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Study shows lifespan, MS duration link


A new study in France showed a moderate decrease in life expectancy in MS patients, and showed that the risk of dying is strongly correlated to disease duration and disability. Researchers highlight the need for early actions that can slow disability progression.

The study’s authors wanted to estimate the survival in MS patients in comparison to the French general population. Looking at the data for 27,603 MS patients, researchers discovered that death rates were significantly higher in men, patients with later clinical onset, and in progressive MS. Overall excess mortality compared with the general population was moderate, but increased considerably after 20 years of disease.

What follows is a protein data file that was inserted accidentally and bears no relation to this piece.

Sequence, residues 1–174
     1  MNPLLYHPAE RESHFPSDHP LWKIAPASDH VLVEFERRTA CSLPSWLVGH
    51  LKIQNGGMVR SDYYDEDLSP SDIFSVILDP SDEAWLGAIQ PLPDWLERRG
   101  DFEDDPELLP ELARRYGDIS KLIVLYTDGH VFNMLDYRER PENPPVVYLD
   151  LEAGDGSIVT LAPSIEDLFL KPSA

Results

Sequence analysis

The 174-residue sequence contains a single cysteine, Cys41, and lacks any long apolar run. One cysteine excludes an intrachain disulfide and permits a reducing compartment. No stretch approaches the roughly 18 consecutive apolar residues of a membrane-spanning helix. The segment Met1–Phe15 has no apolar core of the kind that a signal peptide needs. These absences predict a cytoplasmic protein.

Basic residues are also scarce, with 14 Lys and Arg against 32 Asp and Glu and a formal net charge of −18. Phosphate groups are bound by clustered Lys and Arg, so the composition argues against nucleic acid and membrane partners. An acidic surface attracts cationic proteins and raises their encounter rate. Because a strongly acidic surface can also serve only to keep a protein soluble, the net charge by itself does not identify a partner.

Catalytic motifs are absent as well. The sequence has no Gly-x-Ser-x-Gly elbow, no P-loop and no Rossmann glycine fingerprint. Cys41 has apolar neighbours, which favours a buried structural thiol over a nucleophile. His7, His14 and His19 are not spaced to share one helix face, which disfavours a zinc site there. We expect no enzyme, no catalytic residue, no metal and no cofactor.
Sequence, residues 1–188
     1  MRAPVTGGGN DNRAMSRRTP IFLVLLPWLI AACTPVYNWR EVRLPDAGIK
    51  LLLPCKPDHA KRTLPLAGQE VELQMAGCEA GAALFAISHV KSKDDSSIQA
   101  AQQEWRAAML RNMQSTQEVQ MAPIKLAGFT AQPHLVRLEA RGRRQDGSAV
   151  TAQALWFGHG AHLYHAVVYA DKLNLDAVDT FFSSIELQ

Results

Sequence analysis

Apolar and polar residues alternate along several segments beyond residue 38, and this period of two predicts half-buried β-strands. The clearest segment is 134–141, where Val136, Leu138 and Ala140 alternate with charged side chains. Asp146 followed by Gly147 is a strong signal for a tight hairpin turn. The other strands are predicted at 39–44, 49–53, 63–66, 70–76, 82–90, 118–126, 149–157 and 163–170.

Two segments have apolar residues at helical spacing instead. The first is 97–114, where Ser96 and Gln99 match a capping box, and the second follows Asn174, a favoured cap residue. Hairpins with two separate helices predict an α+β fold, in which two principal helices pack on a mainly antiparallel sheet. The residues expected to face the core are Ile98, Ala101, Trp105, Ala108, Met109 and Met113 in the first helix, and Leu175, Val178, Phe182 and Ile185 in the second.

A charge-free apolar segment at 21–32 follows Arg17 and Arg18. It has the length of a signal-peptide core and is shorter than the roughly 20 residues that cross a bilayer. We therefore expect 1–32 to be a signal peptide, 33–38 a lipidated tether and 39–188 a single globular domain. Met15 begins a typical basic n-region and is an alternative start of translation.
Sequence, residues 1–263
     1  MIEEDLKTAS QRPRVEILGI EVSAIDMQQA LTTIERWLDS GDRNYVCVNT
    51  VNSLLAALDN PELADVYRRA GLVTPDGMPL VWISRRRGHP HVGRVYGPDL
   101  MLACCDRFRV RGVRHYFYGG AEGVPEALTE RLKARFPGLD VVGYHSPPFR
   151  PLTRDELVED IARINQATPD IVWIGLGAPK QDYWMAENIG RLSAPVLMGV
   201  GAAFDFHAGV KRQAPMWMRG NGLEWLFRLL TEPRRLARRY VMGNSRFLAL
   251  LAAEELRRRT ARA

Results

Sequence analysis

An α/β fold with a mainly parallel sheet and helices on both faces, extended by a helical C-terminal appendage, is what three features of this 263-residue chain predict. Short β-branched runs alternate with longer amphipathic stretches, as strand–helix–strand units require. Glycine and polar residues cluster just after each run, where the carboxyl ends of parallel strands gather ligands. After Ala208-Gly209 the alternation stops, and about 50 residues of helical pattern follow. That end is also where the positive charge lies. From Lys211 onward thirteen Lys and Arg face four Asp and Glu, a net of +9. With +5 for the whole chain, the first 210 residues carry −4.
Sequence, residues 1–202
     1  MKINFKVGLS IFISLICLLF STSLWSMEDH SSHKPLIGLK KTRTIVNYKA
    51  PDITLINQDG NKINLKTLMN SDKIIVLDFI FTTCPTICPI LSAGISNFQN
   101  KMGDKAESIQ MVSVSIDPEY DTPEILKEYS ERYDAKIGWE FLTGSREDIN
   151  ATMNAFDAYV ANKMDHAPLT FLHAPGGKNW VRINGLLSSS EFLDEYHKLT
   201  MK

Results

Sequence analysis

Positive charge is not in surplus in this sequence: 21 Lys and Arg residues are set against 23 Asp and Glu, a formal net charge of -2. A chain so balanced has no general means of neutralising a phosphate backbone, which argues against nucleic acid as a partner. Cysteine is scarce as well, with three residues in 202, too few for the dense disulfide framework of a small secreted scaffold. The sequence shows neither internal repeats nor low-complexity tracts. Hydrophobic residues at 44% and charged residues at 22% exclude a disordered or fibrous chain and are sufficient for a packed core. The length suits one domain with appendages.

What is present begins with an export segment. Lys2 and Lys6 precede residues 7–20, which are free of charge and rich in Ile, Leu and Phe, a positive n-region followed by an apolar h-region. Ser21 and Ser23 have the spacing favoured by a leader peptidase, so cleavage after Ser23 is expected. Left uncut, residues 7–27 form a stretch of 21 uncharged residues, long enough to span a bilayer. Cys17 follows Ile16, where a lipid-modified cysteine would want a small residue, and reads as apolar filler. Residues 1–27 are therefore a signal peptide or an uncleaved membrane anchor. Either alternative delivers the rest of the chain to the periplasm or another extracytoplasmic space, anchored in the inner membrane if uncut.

The study’s authors conclude there is a moderate decrease in life expectancy for MS patients, and that the risk of dying is strongly linked with disease duration, and probably disability progression. They note that even though excess mortality starts only after 20 years of disease duration, interventions such as disease modifying therapies or multidisciplinary care should be started as soon as possible in the disease course in order to maximize their ability in slowing down disability progression.

The findings were published in the journal PLoS One.

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